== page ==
We’ll get to the details in a minute. But first, we set out to see if there are any rules that govern searching jurors’ social media (with research assistance from Reed Smith attorney David Chang).  It turns out there are, mainly within the rules of ethics and professional conduct.  The first rules obviously are our duties of competence and diligence.  They are among the first duties listed under the ABA’s Model Rules and probably the rules governing lawyers in most every state. See Model Rules of Professional Conduct, Rules 1.1, 1.3.  If there is publicly available information that would help us identify jurors with potential biases, a competent and diligent trial advocate needs to consider gaining access to it.

There are, however, countervailing considerations. On April 14, 2014, the ABA’s Standing Committee on Ethics and Professional Responsibility published “Formal Opinion 466, Lawyer Reviewing Jurors’ Internet Presence.”  The ABA committee’s opinion came on the heels of an opinion from the Association of the Bar of the City of New York—“Formal Opinion 2012-2, Jury Research and Social Media.”  These are not the only publications on the topic, but they were at the cutting edge, and they cover the major considerations.


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We have been riding the Philly subway for years, but only recently realized how much the ads on the car walls have changed. Not so long ago there were lots of ads for vocational schools, inducing today’s un- or underemployed to become tomorrow’s truck drivers and beauticians.  But nowadays at least three quarters of the ads are from plaintiff lawyers hawking their ability to wring cash out of slip-and-falls or the latest mass tort.  Mass transit advertising space that formerly advised riders to get skills is now dedicated to pleas to get paid.  The same is true for daytime television advertising.  Perhaps we are not alone in seeing this evolution as further proof, along with Keeping up with the Kardashians and the ascendancy of kale salad, that our culture is headed to Hell in a handbasket.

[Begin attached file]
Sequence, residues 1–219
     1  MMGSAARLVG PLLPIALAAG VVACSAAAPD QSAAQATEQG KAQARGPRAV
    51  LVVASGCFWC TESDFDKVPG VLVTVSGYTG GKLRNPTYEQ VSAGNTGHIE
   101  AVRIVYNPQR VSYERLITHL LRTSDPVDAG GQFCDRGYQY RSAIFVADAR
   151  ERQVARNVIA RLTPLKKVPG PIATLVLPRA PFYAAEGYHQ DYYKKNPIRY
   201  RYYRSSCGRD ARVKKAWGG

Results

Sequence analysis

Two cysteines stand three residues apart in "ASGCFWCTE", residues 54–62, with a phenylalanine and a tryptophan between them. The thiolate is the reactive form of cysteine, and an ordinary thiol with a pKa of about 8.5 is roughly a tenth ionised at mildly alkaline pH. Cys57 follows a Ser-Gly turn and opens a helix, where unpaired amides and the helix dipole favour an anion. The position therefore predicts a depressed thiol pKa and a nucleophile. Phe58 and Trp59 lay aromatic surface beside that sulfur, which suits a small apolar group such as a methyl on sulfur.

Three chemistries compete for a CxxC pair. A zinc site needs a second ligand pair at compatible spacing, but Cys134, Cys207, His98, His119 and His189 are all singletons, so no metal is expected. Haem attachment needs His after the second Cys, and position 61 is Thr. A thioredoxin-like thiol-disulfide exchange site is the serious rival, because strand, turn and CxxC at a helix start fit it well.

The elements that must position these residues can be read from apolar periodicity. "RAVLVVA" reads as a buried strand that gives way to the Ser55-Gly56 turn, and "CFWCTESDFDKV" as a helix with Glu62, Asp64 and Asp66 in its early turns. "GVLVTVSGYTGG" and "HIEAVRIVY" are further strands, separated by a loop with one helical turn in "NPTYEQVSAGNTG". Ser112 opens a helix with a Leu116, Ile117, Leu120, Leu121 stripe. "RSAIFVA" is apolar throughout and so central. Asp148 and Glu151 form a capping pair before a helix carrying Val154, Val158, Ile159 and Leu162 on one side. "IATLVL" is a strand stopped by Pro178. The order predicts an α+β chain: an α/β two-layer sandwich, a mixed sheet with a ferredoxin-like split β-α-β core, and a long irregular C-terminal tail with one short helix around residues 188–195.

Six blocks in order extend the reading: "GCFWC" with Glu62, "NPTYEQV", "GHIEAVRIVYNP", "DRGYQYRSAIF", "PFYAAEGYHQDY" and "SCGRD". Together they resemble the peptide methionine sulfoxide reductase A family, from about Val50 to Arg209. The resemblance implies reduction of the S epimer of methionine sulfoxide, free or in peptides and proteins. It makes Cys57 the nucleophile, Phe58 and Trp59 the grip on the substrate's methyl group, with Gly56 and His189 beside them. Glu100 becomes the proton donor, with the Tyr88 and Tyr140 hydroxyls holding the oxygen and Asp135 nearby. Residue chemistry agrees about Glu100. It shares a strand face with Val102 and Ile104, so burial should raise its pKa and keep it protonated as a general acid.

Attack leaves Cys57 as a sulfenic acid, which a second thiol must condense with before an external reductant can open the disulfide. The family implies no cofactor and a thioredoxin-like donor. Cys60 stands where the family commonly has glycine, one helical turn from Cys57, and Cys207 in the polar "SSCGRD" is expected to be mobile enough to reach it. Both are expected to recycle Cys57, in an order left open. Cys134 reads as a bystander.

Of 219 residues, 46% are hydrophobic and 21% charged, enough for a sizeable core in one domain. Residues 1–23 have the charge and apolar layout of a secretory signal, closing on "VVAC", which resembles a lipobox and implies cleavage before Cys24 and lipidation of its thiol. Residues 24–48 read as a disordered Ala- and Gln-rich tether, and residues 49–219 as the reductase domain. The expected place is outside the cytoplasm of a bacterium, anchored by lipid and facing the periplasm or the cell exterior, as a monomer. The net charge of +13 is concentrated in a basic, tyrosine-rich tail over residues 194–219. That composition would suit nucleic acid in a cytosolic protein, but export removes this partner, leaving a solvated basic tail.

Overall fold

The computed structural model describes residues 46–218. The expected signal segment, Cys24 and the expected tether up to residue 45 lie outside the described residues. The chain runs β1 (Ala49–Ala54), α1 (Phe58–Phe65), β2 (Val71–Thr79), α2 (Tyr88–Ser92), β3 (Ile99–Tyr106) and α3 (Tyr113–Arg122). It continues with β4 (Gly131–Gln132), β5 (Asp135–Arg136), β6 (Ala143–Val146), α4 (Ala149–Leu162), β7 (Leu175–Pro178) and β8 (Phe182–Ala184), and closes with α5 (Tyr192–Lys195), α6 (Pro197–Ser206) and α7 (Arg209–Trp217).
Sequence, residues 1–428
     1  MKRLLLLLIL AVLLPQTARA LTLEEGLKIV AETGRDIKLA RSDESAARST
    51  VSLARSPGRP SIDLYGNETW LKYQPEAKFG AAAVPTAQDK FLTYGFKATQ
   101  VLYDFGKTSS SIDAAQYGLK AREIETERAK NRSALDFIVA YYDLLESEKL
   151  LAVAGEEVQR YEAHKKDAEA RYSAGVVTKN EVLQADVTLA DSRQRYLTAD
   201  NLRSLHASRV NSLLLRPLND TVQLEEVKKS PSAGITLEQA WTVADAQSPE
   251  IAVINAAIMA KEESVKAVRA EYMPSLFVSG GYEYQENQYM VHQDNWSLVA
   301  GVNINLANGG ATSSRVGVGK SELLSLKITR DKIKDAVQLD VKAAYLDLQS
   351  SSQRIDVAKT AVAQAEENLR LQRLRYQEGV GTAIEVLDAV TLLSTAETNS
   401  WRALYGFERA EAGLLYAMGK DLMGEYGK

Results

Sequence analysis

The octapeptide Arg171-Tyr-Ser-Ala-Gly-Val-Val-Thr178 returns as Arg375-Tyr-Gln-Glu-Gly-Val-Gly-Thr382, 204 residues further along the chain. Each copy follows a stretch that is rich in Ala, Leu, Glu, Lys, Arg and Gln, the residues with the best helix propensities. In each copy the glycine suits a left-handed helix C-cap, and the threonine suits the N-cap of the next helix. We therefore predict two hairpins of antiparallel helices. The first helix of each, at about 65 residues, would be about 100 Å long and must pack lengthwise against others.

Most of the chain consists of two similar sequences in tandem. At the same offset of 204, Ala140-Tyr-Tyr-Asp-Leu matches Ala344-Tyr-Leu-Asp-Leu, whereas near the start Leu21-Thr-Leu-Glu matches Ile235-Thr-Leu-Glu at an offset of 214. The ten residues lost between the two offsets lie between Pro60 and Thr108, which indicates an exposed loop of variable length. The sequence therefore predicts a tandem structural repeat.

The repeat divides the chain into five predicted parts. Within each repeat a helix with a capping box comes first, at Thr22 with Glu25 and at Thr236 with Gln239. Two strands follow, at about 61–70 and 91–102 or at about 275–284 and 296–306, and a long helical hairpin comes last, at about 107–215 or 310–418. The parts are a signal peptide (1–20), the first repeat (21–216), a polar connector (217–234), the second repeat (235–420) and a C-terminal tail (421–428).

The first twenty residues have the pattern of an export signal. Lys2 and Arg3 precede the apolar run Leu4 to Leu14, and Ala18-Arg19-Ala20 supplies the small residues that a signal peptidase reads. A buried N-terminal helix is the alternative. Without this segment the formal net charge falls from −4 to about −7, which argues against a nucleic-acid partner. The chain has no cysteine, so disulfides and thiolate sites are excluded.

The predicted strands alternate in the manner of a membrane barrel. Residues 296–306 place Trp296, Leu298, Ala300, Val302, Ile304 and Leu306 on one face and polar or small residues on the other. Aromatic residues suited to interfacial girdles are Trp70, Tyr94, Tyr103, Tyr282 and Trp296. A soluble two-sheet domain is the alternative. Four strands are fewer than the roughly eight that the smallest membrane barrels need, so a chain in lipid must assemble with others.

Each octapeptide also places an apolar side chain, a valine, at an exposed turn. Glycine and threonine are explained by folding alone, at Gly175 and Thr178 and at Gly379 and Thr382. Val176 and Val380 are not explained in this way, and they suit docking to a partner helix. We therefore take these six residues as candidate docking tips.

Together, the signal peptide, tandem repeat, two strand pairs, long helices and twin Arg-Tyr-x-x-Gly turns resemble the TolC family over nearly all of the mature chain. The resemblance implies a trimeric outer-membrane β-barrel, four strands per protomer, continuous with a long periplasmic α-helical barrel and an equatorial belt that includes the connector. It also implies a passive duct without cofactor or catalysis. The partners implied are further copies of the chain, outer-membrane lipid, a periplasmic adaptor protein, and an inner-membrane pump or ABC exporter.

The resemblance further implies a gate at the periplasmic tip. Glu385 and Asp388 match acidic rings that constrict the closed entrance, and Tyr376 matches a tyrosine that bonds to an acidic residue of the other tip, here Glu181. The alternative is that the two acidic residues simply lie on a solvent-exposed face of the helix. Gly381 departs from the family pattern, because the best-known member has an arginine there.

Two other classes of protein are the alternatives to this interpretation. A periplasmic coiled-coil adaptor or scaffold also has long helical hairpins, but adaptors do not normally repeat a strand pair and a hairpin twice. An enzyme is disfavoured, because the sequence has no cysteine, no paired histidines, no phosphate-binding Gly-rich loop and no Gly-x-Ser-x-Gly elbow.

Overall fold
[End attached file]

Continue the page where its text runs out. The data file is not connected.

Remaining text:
You won’t be surprised to hear defendants and their lawyers bemoan plaintiff lawyer advertising.  But we are not alone.  Recently, we heard a MDL judge express frustration about how plaintiff lawyer advertising was a blatant attempt to extend the tail of an over-mature mass tort.  Some plaintiff lawyer advertising is naked poaching of other plaintiff lawyer inventories – e.g., why pay a 40% contingency fee if you can pay only 20%?  But the most obvious aim and effect of such advertising is stirring up litigation.  What might not be so obvious is the extent to which plaintiff lawyer adverting causes adverse health outcomes.  A recent law review article looks into this issue and it is well worth reading. The article is by Elizabeth Tippett, a professor at the University of Oregon School of Law. The title is “Medical Advice from Lawyers: A Content Analysis of Advertising for Drug Injury Lawsuits,” 41 Am. J. L. & Med. 7 (2015).


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We asked this morning why (1) it seemed ethical to offer into evidence an inadmissible document on the hope that opposing counsel wouldn’t object and the document would be admitted, but (2) it seemed less ethical to effect a late removal to federal court on the hope that opposing counsel wouldn’t object and the case